4 Agricultural Innovations In New Spain

Agricultural innovations in New Spain began after the establishment of the viceroyalty of New Spain by the Spanish Empire as of March 8, 1535.

After the fall of Tenochtitlan in 1521 and the conquest of Mexico, the Spanish began the great Conquest and with this they introduced wheat, grapes and olives, which grew very well in those lands.

The technique from Europe helped the large production that took place in New Spain and promoted the growth of agricultural activity to the point of making it export.

However, in general agriculture found itself in a precarious situation, due to the fact that the lands were owned by very few, the fertile soil was not worked and there was slow progress.

The main tropical crops in New Spain were sugar cane, cotton, cocoa, vanilla, and indigo.

The most important agricultural innovations in New Spain

Innovations in technology

It was not just about new seeds and crops, but about how to sow and harvest.

The arrival of the Spanish introduced techniques such as plowing, roasting, shoveling and crop rotation, which not only optimized planting and harvesting but also changed the landscape.

The yoke and wooden or metal plows, both by animal and human traction, optimized the use of the land.

These techniques included hydration of the soil and the establishment of quantifiable periods for harvesting, thus giving predictable results compared to the relative chance with which many indigenous populations lived.

The populations of America had certain techniques for cultivation, but the European contribution in systematizing production is undeniable.

The wheat

The main crop of the Spaniards in the viceroyalty was wheat, a staple food in much of Europe and which was no exception in Spain.

It had its greatest boom in the state of Puebla, in the center of present-day Mexico. This area was known as the granary of New Spain for two centuries.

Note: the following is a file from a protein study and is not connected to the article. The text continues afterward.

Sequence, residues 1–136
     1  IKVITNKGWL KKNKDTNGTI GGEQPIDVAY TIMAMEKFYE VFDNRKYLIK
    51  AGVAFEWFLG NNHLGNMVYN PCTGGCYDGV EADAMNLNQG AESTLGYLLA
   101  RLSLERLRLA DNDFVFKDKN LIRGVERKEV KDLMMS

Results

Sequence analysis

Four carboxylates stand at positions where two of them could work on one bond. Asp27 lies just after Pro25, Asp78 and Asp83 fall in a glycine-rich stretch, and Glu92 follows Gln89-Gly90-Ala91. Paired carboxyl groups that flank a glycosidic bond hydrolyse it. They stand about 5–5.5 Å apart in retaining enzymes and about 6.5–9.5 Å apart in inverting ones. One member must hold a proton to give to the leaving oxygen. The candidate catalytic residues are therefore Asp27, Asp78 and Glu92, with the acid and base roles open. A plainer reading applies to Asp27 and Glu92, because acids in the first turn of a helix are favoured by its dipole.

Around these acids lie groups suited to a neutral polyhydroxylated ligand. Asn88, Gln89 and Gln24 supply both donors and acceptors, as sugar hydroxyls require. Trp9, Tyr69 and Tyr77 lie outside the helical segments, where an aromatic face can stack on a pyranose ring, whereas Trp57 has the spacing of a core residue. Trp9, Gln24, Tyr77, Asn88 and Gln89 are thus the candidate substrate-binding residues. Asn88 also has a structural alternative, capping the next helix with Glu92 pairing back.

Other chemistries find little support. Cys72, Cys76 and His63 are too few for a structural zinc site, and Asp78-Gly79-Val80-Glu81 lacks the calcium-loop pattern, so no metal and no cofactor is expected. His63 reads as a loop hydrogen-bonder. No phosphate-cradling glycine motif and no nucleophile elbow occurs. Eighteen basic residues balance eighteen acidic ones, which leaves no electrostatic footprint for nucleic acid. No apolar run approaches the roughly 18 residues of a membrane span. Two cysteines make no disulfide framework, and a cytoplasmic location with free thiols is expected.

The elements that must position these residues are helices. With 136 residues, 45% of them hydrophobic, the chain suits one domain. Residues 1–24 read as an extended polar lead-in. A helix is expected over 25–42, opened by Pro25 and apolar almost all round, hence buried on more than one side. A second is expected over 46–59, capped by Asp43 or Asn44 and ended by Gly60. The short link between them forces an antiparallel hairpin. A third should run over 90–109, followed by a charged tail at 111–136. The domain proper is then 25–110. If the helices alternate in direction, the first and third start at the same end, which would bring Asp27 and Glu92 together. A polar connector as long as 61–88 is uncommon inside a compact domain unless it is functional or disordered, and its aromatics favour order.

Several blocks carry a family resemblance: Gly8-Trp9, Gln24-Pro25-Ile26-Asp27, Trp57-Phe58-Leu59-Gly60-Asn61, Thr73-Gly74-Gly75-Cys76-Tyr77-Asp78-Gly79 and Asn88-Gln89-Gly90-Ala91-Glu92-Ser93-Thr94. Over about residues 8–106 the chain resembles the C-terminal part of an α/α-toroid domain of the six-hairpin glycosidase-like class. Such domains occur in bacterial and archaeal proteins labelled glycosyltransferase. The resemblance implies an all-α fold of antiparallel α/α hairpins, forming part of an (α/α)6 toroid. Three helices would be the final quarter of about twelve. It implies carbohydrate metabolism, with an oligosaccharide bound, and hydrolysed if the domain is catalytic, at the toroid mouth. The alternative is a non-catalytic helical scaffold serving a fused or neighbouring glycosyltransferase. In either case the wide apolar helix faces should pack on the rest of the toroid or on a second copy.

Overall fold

From 1550 it began to be harvested and it remained part of the diet not only of Mexico but of the entire continent.

Its permanence was due not only to Spanish influence but also to that of other immigrants from Italy, France and Portugal, who had wheat-based products such as bread and pasta as part of their diets.

Coffee, banana and orange

The viceroyalty of New Spain originally extended from the southern part of the United States, through Mexico and Central America, to the northern part of present-day South America.

It was in these lands where the best coffee and banana harvests took place, especially in what came to be called Nueva Granada, which included Colombia and Venezuela. Both countries are currently coffee producers.

The banana soared in such a way that it is part of the tables in all the Caribbean countries.

For its part, the orange is one of the main products of the states of Florida and California, both belonging to New Spain in the 16th century and which are currently part of the United States.

Changes in economic and social activity

Agriculture provided a basic, constant and reliable livelihood to the pre-Hispanic population, whether they were Spanish, indigenous or slaves, despite the fact that the labor force came mainly from the latter two groups.

The precedent of fiscal charges and payment of taxes was established together with the development of agriculture, to the point of evolving in different ways in the current economic systems in all the countries of America after the independence of the continent from Spanish power.

References

  1. Agricultural and mining innovations in New Spain – Escolares.net
  2. Agricultural innovations, mining technology and the beginnings of industrial activity GoConqr – goconqr.com
  3. Viceroyalty_of_Nueva_España – Wikipedia en.wikipedia.org
  4. Puebla the granary of New Spain – The five fires loscincofuegos.com
  5. The Establishment of Cattle, Wheat and other spices vhistmex.blogspot.com

Related Articles

Leave a Reply

Your email address will not be published. Required fields are marked *

Back to top button